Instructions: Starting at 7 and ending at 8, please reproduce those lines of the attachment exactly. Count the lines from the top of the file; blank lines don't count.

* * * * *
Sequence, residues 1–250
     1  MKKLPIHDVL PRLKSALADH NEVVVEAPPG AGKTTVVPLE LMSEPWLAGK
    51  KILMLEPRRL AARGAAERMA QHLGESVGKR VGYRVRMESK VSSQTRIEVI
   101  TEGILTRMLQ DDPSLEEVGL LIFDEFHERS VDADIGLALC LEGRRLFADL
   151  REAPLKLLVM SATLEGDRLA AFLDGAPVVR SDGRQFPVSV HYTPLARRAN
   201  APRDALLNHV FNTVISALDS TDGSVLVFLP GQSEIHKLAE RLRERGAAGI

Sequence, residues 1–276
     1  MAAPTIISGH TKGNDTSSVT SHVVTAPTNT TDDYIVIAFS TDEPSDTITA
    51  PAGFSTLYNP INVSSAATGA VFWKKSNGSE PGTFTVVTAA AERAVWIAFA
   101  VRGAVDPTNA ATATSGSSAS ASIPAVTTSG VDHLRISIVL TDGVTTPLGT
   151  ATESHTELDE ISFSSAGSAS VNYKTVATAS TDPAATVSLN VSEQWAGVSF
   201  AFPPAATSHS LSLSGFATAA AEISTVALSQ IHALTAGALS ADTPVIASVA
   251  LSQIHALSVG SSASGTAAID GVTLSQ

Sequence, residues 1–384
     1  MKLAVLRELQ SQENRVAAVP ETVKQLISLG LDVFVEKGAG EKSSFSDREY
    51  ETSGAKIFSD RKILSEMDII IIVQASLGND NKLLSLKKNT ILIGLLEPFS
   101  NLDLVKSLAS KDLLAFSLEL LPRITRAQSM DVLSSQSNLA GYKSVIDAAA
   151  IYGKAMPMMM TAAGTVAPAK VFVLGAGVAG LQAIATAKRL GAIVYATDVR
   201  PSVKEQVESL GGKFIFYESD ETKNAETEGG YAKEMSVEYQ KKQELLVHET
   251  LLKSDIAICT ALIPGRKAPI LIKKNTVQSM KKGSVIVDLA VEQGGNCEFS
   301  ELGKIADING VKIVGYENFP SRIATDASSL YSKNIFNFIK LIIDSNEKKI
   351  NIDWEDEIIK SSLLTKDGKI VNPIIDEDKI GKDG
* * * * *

Sequence, residues 1–276
     1  MAAPTIISGH TKGNDTSSVT SHVVTAPTNT TDDYIVIAFS TDEPSDTITA